The Fast and Furious franchise has catapulted into pop culture for the past two decades with every film upping the ante as far as action goes. The movies have gone from simple heist capers to spy action movies over the years, but it seems like the story and action have gotten ridiculous in the past few installments. Fast X, is considered the final trilogy in the Fast Saga as audiences prepare to say goodbye to the Toretto clan. Unlike the last film, Fast X does what audiences will expect from these movies, but the only difference is that it is embracing the silliness that comes with the franchise with some new characters that breathe some new life into the franchise as we almost get to the finish line with these movies.
In Fast X, we find Dominic Toretto (Vin Diesel) with his family and friends settling into their lives after the events of Fast 9. Dom is prepping his son behind the wheel to pass off his teachings of being on the road with him and spending time with his love Letty Ortiz (Michelle Rodriguez) as they are ready to leave their professional lives behind. Their lives are soon interrupted by the arrival of Dante Reyes (Jason Momoa), the son of the late drug lord Hernan Reyes as he seeks revenge for his family’s misfortune after his father’s death. Dom will rely on some old friends and new ones as they attempt to stop Dante’s wrath on his world and those around him.
For a film with such a huge cast, Fast X splits the group into different paths that result in many storylines that fail to flow throughout its big runtime. It often feels like different movies are taking place where it jumps from one character to another and it is difficult to keep up at times. Going on a mission in Rome for the Agency, we see Roman (Tyrese Gibson), Tej (Ludacris), and Ramsey (Nathalie Emmanuel) dealing a lot with the comic relief that feels very stale and falls flat as they use the same kind of dialogue from previous entries. John Cena also puts in his comedic chops returning from F9 as Dom’s brother Jakob as he goes on a little road trip with his nephew getting chased by authorities and Dante’s men. It may seem a bit much for a kid to handle this kind of violence, but it is refreshing to see Cena playoff with a young actor to put some fun into these ridiculous action sequences.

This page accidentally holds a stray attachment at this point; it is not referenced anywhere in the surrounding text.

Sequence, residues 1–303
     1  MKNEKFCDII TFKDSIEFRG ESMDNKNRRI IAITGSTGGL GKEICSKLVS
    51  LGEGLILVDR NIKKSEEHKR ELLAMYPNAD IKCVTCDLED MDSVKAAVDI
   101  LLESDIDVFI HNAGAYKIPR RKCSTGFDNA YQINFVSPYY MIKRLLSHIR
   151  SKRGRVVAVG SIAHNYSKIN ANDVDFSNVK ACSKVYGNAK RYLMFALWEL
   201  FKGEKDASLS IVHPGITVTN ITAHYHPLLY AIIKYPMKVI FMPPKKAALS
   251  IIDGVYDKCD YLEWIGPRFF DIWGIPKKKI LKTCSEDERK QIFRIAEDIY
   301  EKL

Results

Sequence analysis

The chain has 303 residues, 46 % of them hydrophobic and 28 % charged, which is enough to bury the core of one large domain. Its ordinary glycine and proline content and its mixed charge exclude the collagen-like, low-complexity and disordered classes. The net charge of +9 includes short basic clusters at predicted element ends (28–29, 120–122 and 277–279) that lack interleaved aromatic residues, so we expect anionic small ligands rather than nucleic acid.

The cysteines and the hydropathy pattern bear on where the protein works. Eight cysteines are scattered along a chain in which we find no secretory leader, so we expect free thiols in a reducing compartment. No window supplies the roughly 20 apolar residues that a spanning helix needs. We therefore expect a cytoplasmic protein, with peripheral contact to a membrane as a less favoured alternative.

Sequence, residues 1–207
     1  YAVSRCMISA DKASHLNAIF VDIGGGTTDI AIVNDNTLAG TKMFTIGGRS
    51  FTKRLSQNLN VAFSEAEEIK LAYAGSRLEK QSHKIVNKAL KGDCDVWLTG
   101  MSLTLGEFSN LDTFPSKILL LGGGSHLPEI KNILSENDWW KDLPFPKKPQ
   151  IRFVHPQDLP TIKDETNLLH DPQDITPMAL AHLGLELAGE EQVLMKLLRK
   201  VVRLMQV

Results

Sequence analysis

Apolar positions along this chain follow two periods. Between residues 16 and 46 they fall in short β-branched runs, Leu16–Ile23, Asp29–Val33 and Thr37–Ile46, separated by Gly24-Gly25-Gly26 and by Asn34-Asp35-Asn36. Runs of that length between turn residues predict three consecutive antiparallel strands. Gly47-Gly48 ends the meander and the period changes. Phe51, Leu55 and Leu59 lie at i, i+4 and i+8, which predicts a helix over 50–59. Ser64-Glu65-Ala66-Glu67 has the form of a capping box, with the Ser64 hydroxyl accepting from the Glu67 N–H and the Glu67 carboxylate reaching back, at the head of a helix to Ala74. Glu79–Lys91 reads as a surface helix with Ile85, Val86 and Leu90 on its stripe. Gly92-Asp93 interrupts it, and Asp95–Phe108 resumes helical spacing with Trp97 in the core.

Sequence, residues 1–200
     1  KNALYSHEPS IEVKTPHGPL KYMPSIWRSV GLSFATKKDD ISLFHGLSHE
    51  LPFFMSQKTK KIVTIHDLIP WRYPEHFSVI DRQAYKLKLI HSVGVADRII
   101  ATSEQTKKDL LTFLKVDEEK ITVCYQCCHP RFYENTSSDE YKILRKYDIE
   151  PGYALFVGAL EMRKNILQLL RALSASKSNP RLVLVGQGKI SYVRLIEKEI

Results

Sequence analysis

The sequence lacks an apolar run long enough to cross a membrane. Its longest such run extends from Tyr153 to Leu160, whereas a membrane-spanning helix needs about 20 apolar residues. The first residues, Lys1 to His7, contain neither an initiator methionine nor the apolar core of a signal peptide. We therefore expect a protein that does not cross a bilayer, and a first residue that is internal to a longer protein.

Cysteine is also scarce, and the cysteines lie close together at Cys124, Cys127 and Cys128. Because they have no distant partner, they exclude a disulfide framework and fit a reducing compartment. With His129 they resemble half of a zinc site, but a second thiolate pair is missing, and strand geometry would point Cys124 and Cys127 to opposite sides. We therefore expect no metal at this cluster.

We also get some returning players who don’t get as much screen time as they should, but they are given some things to do throughout the film. We see a reunion of sorts with Sung Kang and Jason Statham’s characters when they were teased for a reckoning from the last film. We see some of their banter for Deckard’s role in killing Han despite him surviving thanks to Mr. Nobody, but its cool to see Statham putting up some impressive stunt work reminiscent of his Transporter days, which Fast X director Louis Leterrier was a part of. There’s also the return of Cipher (Charlize Theron), who gets some great fight scenes with Letty in one great showdown at a Black site base. Besides the main cast, we do get some more top talent like Helen Mirren, Rita Moreno, Daniela Melchior, and Brie Larson. Most of them don’t get a whole lot of screen time, with some acting more like exposition to catch up on the events that led up to the latest installment.
With Fast X racing to the finish line, there are some bumps in the road on the film’s last legs. Momoa brings it his all with his antagonistic character, even if it often feels more silly than it should. However, it does bring some freshness into the franchise. Having the family split can be a detriment of the film having such a large cast as the direction can be all over the place. Nothing usually makes sense in these movies, but it provides some fun for anyone who doesn’t care much about the story and just wants to see cars doing these dangerously insane stunts. With a few surprises in store, there’s a lot to love about this first part of what is to be the big finale for this franchise. Despite its many flaws, Fast X delivers on being a thrill ride that is worthy of being seen on the big screen.
Fast X is now playing in theaters.